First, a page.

All of Cayman’s current COVID-19 vaccine supply has been used up, and vaccination clinics will be closed until after the arrival of the next batch on 16 June.
People who were scheduled to have their second dose of the Pfizer-BioNTech vaccine before then can get their second shots at dedicated clinics which will be open on 17, 18 and 19 June.
Chief Medical Officer Dr. John Lee, in a Twitter post on Saturday afternoon, congratulated the Public Health team, whom he said had now given all the COVID-19 vaccine shots in the planned programme.
“Vaccination sites on Grand Cayman are now closed until the next delivery which is anticipated the middle of this month,” he said.
Governor Martyn Roper had previously announced that the UK will deliver the next supply of vaccines on the 16 June British Airways flight.
A slowdown in the uptake of vaccines in April had led to concerns that the vaccines would expire before they were used up, and the new PACT government initiated a ramped-up campaign to encourage people to get inoculated. It launched the ‘Vaccination Challenge’ last month, which included a prize draw in which people receiving their first dose would have the chance to win a variety of prizes, such as plane tickets, staycations, gift vouchers, dinner packages and jewellery.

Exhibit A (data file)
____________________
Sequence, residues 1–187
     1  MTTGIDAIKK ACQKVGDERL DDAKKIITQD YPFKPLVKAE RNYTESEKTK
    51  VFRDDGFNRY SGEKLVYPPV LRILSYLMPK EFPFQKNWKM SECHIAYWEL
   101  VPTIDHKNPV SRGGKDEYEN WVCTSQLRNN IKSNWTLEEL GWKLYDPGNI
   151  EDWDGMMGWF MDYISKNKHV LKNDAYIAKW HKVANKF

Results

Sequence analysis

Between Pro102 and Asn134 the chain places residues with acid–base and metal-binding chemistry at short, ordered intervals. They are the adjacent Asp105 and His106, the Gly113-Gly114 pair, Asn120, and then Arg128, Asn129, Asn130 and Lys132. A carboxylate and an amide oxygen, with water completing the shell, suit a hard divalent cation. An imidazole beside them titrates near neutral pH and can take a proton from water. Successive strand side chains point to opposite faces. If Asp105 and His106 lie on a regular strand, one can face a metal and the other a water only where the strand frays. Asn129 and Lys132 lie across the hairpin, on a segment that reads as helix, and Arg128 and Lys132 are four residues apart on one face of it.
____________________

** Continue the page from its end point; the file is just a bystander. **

The Cayman Islands Tourism Association, in conjunction with the R3 Cayman Foundation charity, also launched a separate draw, in which people getting vaccinated had an opportunity to win a $10,000 cash prize, and a variety of other tourism-related prizes valued at a total of $15,000.
With the prize draws as an incentive, as well as a proposal that work-permit holders renewing their permits or getting new ones would be required to be vaccinated, thousands of people who had been putting off getting the vaccine were inoculated in recent weeks. As of Friday, 60% of Cayman’s estimated 65,000 population was fully vaccinated, and 45,766, or 70% of the population, had received at least one dose.
In anticipation of the vaccines running out, the Public Health Department issued a statement during the week advising that individuals awaiting their second dose “should not be concerned” as they will be given priority when the next batch arrives.
Medical Officer of Health Dr. Samuel Williams-Rodriguez said, “There is also now evidence that a longer gap between the first and second dose produces a better immune response. The second dose of the Pfizer vaccine can be given within three and twelve weeks after the first dose. Please rest assured that anyone due for their second dose will have an opportunity to get it once the next batch of vaccines arrive mid-June.”